Only 1% of international development funding and 2% of climate finance addresses outdoor air pollution, a new report reveals. Although air pollution is the largest environmental threat today, funding has always been a problem in the fight for clear air. In an attempt to accelerate the progress on clean air, researchers looked into outdoor air quality funding to provide transparent and strong evidence to policymakers, funders and activists.
Air pollution not only significantly contributes to climate change, harms biodiversity, and causes health issues, but is also the reason for 7 million premature deaths every year, as reported by the Clean Air Fund. Currently, the focus has shifted to climate change-caused heatwaves that have led to significant deaths in many regions of the world, including in India.
However, air quality has been recorded to worsen during heatwaves. Addressing this, the World Meteorological Organization (WMO) said in a new report that climate change and air pollution must be addressed together. This is reiterated in the new report by global philanthropic organisation Clean Air Fund, The State of Global Air Quality Funding 2023.
Although clean air projects received more global development funding than fossil fuel projects for the first time in 2021, the report highlights that air quality finding still remains significantly low. Although the US Environmental Protection Agency said that every $1 spent on air pollution control yields an estimated $30 in economic benefits, many international donors are still overlooking projects that address air pollution. Only 1% of international development funding ($2.5 billion per year) and 2% of international public climate finance ($1.66 billion per year) was committed to targeting air pollution over the last six years, the report states.
Japan was the top donor for outdoor air quality funding in the last five years, followed by the Asia Development Bank and Asia Infrastructure Investment Bank. The top 10 donors accounted for 97% of total outdoor air quality funding.
However, the report also recorded progress towards phasing down coal-fired power. Since 2019, there has been a decline in funding for fossil fuel-prolonging projects. But for the first time in 2021, international development funding for outdoor air quality projects ($2.3 billion) was more than the funding for fossil fuel-prolonging projects ($1.5 billion). At COP26, the UN Climate Change Conference held in 2021, 34 countries and five public finance institutions agreed to put a stop to international public finance for fossil fuels by the end of 2022. For considerable results, at the upcoming COP28 in December, governments have to agree to completely phase out fossil fuels and transition to clean energy.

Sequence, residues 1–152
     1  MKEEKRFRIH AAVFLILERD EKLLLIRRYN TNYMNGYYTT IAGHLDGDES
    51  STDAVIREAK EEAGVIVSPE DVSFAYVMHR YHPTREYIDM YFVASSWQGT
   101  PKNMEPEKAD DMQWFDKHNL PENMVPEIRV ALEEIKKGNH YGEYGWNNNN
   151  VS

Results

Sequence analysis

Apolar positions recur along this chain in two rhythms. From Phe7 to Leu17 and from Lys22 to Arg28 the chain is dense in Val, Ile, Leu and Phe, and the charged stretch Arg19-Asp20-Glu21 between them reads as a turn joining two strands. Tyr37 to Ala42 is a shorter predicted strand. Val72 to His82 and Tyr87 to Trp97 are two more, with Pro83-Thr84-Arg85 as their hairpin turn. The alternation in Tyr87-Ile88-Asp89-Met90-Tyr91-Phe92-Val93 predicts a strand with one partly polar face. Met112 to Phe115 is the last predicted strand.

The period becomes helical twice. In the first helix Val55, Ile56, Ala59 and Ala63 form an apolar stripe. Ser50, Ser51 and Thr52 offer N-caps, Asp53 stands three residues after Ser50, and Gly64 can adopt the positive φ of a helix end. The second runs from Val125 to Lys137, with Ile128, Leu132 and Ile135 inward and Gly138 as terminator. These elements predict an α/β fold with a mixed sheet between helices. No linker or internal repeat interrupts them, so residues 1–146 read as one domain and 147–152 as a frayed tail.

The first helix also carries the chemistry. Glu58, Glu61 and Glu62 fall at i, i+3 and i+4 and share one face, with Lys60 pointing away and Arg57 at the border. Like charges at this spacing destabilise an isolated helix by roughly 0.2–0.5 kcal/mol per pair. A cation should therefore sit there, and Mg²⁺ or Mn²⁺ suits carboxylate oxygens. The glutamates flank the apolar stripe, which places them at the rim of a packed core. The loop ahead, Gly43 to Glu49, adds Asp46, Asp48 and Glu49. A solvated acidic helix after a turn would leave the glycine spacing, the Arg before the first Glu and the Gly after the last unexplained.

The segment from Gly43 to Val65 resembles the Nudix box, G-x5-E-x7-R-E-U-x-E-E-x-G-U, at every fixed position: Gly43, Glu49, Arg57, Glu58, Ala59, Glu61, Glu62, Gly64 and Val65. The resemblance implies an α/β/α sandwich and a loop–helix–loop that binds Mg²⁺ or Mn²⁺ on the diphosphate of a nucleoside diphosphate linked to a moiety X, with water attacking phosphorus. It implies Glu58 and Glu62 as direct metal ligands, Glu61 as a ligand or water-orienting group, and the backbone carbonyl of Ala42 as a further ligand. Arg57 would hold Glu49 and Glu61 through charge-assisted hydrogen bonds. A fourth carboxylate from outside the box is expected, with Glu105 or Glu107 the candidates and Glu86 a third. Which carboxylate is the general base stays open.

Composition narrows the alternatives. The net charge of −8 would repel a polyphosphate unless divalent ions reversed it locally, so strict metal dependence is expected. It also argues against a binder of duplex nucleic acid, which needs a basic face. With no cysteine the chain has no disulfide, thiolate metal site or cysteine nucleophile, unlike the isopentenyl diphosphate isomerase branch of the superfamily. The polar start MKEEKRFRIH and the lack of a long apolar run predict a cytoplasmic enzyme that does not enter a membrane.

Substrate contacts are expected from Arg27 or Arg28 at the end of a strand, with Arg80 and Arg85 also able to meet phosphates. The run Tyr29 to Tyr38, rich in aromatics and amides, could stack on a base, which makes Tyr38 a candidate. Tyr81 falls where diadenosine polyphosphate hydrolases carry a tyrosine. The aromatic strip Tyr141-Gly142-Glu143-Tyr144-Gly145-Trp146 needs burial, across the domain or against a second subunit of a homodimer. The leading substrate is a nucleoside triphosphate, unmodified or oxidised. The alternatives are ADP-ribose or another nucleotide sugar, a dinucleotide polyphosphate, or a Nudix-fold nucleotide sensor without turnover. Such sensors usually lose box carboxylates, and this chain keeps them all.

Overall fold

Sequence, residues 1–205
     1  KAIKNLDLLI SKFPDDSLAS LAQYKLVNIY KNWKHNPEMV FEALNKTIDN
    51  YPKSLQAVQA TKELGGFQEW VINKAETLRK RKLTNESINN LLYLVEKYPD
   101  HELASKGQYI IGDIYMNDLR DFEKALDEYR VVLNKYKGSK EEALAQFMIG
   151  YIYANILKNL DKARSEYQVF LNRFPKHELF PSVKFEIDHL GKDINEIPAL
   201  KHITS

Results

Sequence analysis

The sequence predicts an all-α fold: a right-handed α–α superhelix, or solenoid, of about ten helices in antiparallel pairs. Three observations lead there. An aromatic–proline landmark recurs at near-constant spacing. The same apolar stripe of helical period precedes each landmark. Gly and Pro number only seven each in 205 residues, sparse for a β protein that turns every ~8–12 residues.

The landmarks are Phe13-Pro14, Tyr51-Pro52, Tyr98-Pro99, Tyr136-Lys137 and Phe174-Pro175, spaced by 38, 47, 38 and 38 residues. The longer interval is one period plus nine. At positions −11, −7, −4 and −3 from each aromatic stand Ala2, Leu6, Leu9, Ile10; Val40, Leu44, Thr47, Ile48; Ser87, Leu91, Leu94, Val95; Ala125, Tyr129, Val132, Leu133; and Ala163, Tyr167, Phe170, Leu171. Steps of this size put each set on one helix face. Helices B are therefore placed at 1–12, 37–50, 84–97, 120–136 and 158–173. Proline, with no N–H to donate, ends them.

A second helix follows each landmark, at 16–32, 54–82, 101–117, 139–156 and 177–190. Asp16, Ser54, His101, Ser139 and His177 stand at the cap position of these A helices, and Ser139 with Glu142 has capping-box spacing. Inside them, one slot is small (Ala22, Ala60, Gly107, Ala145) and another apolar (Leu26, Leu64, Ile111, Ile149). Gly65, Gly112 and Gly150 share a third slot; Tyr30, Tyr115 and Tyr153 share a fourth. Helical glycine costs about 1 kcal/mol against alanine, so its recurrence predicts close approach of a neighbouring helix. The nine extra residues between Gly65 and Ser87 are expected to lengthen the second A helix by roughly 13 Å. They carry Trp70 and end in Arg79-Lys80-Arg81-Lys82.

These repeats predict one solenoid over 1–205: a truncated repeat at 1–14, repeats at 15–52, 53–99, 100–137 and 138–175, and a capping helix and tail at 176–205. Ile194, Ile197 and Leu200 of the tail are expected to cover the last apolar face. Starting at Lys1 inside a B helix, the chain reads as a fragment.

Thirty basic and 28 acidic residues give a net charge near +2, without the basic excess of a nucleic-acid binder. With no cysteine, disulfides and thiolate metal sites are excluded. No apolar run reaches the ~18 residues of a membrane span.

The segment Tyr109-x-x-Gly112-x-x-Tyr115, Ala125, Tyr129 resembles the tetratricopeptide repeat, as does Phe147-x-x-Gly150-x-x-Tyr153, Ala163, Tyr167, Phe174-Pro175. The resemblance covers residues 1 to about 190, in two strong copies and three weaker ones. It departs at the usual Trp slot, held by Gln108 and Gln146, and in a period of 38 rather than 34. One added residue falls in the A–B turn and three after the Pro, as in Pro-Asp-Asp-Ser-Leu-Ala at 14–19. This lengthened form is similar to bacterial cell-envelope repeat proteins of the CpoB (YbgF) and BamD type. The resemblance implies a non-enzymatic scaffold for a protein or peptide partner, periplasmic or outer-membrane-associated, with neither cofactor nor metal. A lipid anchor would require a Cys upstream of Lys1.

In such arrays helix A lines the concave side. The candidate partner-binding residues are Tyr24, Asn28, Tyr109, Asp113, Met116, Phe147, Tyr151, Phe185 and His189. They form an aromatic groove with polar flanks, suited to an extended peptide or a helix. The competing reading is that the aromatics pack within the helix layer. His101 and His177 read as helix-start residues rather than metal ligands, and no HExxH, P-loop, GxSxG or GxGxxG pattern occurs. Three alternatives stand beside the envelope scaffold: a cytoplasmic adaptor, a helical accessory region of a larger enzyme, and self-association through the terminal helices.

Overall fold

The report also stated that only 2% of international public climate finance explicitly addressed outdoor air pollution. Several financial instruments are available to funders which could be used to incentivise and catalyse more funding towards air quality projects. For instance, green bonds, social bonds and results-based funding can make long-term private capital available for air quality projects.
Another issue highlighted by the report was that 92% of outdoor air quality funding was provided as loans ($12.9 billion), of which $5.3 billion was low-cost or concessional. This can be particularly burdening for low- and middle-income economies which may already be struggling with high debt since the covid-19 pandemic. Without grants, action towards cleaner energy is likely to see progress.
One of the recommendations of the report is to increase grant and concessional finance to ensure that funding reaches all countries and regions in need. It is also said that multilateral development banks can be important for substantially increasing the availability of development finance for air quality. Finally, national policymakers and regulators should keep track of government spending on air quality to increase transparency and check progress.